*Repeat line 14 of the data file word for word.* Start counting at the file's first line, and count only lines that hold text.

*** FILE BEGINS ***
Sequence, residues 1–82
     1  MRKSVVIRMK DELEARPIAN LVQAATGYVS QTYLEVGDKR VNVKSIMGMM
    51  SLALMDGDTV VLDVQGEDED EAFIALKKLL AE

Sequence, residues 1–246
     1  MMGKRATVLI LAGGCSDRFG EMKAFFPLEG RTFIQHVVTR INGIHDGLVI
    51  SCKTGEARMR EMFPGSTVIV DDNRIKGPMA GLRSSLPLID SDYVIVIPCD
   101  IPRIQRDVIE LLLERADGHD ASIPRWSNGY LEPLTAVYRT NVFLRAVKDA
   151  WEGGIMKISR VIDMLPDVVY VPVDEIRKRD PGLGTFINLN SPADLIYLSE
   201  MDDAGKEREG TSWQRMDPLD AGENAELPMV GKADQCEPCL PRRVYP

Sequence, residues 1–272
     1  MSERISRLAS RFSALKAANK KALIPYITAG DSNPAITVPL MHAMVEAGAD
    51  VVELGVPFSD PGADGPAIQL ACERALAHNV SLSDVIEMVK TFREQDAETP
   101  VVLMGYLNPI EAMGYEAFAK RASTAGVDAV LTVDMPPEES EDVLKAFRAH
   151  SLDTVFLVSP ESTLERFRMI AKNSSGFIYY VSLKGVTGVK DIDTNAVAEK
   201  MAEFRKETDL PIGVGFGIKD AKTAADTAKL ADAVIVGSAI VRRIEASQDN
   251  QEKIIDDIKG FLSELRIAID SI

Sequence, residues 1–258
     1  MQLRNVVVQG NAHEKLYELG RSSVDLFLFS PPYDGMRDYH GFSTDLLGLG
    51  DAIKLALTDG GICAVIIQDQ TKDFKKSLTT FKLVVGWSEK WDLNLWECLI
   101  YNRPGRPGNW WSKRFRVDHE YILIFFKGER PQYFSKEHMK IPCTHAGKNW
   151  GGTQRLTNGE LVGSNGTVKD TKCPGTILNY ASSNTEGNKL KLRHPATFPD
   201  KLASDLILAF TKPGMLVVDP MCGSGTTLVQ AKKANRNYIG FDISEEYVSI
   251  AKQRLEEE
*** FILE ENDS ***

   151  SLDTVFLVSP ESTLERFRMI AKNSSGFIYY VSLKGVTGVK DIDTNAVAEK